Infrastructure Investment Pushed As Front-Burner Election Issue

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Aiming to boost infrastructure investment as a bigger economic priority in U.S. policy for the next administration, a new coalition is pushing to gain support of its “Blueprint 2025” initiative in Congress and among the key presidential contenders. The focus will be on growth and opportunity creation.

Construction-industry and other business-sector CEOs, leaders of public agencies, and financing entities are the group’s current and desired advocates. Among other actions, the effort aims for a White House-level agency to expedite infrastructure project permitting and technology adoption, as well as a national infrastructure bank that would inject at least $2 trillion in new investment over the next decade—something proponents say could hike GDP by at least 1%.

Blueprint 2025 is a broad-based effort, drawing ideas from diverse stakeholders across the infrastructure community, from designers to operators and from builders to users, [and] across the range of issues, from private finance to public capacity creation and from priority project selection to business model development.

The overall objective is to define key infrastructure-related issues for the 2016 elections, creating a series of actionable bipartisan initiatives that will drive change in infrastructure policy and execution in the new administration. The end result of Blueprint 2025 will be a strategic infrastructure roadmap for the next government, whether Republican or Democrat, focused on ensuring that infrastructure is, and remains, a top three issue for the next administration.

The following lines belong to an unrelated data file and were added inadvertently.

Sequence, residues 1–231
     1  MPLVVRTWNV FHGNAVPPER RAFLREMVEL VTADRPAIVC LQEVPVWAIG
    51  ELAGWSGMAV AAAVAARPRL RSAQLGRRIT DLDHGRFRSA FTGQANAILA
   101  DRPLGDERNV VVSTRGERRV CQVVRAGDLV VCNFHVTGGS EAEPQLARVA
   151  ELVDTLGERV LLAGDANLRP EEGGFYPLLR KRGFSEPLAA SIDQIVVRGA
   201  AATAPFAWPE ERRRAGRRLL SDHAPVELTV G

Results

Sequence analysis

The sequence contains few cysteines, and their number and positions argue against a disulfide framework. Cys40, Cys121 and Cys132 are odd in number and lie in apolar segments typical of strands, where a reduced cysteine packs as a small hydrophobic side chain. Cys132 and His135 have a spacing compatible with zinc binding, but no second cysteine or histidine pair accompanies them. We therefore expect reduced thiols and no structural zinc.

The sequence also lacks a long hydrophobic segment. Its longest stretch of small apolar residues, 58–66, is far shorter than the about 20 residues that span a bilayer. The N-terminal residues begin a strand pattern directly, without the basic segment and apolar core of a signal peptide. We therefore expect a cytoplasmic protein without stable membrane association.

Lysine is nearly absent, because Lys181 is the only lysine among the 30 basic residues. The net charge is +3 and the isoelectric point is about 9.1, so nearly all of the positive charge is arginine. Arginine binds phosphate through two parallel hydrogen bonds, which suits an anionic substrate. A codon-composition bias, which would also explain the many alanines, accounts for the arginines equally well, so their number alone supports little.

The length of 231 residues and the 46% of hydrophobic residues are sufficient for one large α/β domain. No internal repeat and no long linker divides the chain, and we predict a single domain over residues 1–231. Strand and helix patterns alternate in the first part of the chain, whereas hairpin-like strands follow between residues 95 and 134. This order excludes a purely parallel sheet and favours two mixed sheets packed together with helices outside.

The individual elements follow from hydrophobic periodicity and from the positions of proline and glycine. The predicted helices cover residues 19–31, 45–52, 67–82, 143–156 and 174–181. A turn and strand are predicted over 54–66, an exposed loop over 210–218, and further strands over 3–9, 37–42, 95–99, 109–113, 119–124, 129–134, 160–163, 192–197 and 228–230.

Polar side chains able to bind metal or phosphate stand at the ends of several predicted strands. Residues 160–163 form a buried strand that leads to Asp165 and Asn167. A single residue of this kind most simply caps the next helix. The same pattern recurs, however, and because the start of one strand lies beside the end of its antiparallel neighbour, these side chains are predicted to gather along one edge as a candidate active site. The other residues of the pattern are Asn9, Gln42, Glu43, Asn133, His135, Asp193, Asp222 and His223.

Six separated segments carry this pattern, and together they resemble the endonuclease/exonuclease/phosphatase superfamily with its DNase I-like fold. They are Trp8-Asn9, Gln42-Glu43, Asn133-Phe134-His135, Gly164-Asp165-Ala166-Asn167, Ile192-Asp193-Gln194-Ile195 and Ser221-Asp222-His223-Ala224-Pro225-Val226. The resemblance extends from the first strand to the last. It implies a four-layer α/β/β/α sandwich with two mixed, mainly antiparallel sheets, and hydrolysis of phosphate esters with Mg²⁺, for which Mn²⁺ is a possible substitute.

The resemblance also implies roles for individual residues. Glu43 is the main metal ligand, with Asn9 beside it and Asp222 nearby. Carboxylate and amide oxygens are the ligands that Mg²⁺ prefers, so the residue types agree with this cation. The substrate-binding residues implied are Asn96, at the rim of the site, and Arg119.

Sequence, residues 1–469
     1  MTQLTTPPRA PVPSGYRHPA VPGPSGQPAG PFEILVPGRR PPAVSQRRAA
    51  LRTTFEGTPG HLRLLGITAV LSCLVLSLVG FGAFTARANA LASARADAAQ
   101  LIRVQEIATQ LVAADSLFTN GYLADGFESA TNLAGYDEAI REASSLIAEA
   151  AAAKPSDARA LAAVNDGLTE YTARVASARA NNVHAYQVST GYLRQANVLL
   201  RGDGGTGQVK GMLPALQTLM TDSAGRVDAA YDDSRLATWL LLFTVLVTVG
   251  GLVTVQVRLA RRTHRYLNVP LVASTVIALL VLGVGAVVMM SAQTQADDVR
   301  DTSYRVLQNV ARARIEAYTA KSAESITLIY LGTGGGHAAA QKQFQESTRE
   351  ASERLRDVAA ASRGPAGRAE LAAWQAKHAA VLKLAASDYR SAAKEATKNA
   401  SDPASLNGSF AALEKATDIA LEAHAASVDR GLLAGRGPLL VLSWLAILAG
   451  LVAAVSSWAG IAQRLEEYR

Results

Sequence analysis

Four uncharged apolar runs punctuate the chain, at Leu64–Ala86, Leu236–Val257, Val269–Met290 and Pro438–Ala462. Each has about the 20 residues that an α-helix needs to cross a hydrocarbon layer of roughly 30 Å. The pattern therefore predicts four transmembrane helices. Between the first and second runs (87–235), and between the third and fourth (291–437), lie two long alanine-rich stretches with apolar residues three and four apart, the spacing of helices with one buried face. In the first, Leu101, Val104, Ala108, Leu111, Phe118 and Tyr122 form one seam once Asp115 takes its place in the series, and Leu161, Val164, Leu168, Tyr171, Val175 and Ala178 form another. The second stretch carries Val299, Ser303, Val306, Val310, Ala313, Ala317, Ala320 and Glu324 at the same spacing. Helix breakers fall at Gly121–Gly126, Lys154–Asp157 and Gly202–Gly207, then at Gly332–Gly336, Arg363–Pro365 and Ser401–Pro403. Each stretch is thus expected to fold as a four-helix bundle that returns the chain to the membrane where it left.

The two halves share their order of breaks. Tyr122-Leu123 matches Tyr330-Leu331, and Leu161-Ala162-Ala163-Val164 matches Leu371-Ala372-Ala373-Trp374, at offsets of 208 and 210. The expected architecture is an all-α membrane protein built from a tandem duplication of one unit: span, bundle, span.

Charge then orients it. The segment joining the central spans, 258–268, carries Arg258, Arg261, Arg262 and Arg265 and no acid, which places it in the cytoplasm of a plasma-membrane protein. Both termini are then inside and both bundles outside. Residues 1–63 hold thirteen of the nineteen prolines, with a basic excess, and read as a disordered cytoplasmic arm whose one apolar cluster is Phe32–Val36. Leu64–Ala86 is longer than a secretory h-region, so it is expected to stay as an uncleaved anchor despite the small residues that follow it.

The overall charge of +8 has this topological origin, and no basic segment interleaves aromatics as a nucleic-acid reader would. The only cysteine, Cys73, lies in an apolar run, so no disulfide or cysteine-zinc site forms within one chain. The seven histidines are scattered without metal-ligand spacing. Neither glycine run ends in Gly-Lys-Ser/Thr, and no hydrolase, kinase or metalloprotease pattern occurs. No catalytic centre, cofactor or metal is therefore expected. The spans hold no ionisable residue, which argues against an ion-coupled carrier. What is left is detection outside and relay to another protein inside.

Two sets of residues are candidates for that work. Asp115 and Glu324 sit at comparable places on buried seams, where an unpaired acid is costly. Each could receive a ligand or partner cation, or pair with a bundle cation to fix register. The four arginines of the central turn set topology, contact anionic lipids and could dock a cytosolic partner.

“This is a broad-gauged effort focused on bringing in all stakeholders and using social media channels to engage everyone in the issue of new investment, the right investment and new technologies to create an entirely new economic platform for the U.S.,” says Norman Anderson, CEO of Washington, D.C.-based global infrastructure consultant CG/LA, which is spearheading Blueprint 2025.

Anderson says proponents will begin monthly congressional breakfasts in late March and town halls around the U.S., through the election and the first 100 days of the next administration.

“Now is the time to think about how to meet the infrastructure needs of the future,” said Andres Gluski, early Blueprint member and CEO of AES Corp. “It’s hard to think of the U.S. being competitive when we’re under-spending in infrastructure. It has not been a U.S. priority for many years, and if this continues, we can’t maintain our lead.”

Source: Engineering News-Record

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